Week of March 19, 2018 through March 23, 2018
Pedro Jimenez-Cedillo v. Jefferson Sessions III (Harris 3/20/2018): The Fourth Circuit held that the Board of Immigration Appeals may not order an alien be removed based on its new position on “crimes of moral turpitude,” unless the Board first explains its rationale for adopting a position contrary to its own long-standing precedent. The court remanded the case to the Board to provide suitable reasons for the change in policy and to decide whether the new policy should apply retroactively to the petitioner and to others who may have made guilty pleas in reliance on the old rule. Full Opinion
United States v. Taison McCollum (Duncan 3/20/2018): The Fourth Circuit held that conspiracy to commit murder under 18 U.S.C. § 1959(a)(5) is not a crime of violence giving rise to a sentencing enhancement under § 2K2.1(a)(4)(A) of the U.S. Sentencing Guidelines. The court vacated the district court’s enhanced sentence and remanded the case for resentencing. Full Opinion
United States v. Taison McCollum, No. 17-4296
Decided: March 20, 2018
The Fourth Circuit held that conspiracy to commit murder under 18 U.S.C. § 1959(a)(5) is not a crime of violence for the purposes of § 2K2.1(a)(4)(A) of the U.S. Sentencing Guidelines. Since the enumerated offenses in the Guidelines are to be given their “generic, contemporary meaning,” and since the generic meaning of conspiracy requires an overt act while the statutory meaning does not, a prior conviction for conspiracy under the statute does not categorically qualify as a prior conviction for conspiracy under the generic definition adopted by the Guidelines. It was therefore improper for the district court to apply an enhanced sentence in a case where the defendant had been previously convicted of conspiracy to commit murder under the statute.
Appellant Taison McCollum was convicted of illegal possession of a firearm under 18 U.S.C. § 922(g). The district court imposed an enhanced sentence on the grounds that McCollum’s prior conviction for conspiracy to commit murder in aid of racketeering under 18 U.S.C. § 1959(a)(5) qualified as a crime of violence increasing McCollum’s base offense level under the U.S. Sentencing Guidelines. The Guidelines impose a higher base offense level for 922(g) violations if the defendant has a prior conviction for any of multiple enumerated offenses, including murder, or for conspiracy to commit any such offense.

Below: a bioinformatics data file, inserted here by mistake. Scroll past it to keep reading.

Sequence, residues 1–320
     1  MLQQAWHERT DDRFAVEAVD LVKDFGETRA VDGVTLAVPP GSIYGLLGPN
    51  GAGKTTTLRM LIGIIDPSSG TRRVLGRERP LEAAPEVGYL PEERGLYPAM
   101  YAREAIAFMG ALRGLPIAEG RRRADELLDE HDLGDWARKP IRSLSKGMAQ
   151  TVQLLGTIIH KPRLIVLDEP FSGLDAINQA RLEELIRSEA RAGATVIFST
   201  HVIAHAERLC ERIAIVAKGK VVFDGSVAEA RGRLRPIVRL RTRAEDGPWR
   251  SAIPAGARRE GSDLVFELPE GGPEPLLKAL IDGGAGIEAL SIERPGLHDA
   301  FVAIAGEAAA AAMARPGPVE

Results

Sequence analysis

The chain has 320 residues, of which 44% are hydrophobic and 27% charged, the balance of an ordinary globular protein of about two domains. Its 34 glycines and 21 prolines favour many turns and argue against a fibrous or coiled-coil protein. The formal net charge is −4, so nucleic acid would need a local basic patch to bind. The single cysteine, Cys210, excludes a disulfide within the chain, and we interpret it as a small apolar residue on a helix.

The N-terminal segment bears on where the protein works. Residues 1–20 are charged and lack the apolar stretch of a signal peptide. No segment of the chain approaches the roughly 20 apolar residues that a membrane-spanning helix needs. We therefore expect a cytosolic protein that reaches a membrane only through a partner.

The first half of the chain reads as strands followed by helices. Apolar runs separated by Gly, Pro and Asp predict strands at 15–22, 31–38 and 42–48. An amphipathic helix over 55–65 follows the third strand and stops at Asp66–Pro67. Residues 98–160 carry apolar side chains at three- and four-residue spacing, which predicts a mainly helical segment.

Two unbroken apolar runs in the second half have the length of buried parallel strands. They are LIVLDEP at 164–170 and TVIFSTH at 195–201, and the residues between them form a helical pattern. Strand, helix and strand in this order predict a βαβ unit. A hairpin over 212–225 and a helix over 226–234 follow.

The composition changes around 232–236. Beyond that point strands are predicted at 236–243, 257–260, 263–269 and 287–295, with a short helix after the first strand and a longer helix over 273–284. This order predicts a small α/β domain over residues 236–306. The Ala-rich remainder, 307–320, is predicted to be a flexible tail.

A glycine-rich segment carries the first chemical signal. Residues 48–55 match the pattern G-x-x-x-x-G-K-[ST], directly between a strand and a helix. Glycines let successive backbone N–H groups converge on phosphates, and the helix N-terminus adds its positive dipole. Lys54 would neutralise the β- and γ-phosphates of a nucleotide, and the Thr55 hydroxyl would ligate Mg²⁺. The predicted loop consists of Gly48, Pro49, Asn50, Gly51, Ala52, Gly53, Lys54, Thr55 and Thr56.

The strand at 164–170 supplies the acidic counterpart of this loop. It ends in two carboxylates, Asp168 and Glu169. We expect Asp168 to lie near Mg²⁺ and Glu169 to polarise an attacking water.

In vacating the enhanced sentence, the court relied on the Supreme Court’s opinion in Taylor v. United States, 495 U.S. 575 (1990). In Taylor, the Supreme Court mandated that the undefined offenses in the Sentencing Guidelines be given their generic meanings as used in the criminal codes of a majority of states. The Fourth Circuit followed the Ninth and Tenth Circuits in holding that the generic definition of conspiracy requires an overt act, based on its usage in the criminal codes of thirty-six states, the District of Columbia, Puerto Rico, Guam and the Virgin Islands. Since § 1959(a)(5) does not share that requirement, the minimum conduct sufficient to satisfy § 1959(a)(5) would not meet the elements of the generic meaning of conspiracy. The court therefore held that § 1959(a)(5) violations did not categorically count as crimes of violence meriting sentencing enhancement. Judge Traxler, concurring, expressed the hope that the law would change to avoid such unintuitive results in the future. Judge Wilkinson, dissenting, urged a common sense, plain text reading of the Guidelines such that “plotting to murder one’s fellow human beings” would constitute a crime of violence.
Accordingly, the court vacated the sentence imposed by the district court and remanded the case for resentencing.
Zachary W. Jones